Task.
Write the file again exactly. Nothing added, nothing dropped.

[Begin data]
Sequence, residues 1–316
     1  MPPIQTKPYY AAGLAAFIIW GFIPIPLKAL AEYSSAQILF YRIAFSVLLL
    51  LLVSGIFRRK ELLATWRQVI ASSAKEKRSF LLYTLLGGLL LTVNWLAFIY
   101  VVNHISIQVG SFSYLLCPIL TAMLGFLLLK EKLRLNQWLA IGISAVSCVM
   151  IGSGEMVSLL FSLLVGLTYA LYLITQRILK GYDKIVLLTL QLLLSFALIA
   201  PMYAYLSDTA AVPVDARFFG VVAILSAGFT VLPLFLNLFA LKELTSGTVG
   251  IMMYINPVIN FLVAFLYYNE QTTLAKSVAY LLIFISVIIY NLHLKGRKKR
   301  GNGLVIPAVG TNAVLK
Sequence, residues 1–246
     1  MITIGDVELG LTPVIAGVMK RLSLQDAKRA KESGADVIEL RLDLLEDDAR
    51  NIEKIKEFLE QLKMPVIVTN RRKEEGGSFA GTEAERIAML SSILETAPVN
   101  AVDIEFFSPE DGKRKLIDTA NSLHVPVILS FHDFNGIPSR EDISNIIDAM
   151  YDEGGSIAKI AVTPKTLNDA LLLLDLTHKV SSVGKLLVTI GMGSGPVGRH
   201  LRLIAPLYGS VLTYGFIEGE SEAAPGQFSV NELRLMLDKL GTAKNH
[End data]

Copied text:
Sequence, residues 1–316
     1  MPPIQTKPYY AAGLAAFIIW GFIPIPLKAL AEYSSAQILF YRIAFSVLLL
    51  LLVSGIFRRK ELLATWRQVI ASSAKEKRSF LLYTLLGGLL LTVNWLAFIY
   101  VVNHISIQVG SFSYLLCPIL TAMLGFLLLK EKLRLNQWLA IGISAVSCVM
   151  IGSGEMVSLL FSLLVGLTYA LYLITQRILK GYDKIVLLTL QLLLSFALIA
   201  PMYAYLSDTA AVPVDARFFG VVAILSAGFT VLPLFLNLFA LKELTSGTVG
   251  IMMYINPVIN FLVAFLYYNE QTTLAKSVAY LLIFISVIIY NLHLKGRKKR
   301  GNGLVIPAVG TNAVLK
Sequence, residues 1–246
     1  MITIGDVELG LTPVIAGVMK RLSLQDAKRA KESGADVIEL RLDLLEDDAR
    51  NIEKIKEFLE QLKMPVIVTN RRKEEGGSFA GTEAERIAML SSILETAPVN
   101  AVDIEFFSPE DGKRKLIDTA NSLHVPVILS FHDFNGIPSR EDISNIIDAM
   151  YDEGGSIAKI AVTPKTLNDA LLLLDLTHKV SSVGKLLVTI GMGSGPVGRH
   201  LRLIAPLYGS VLTYGFIEGE SEAAPGQFSV NELRLMLDKL GTAKNH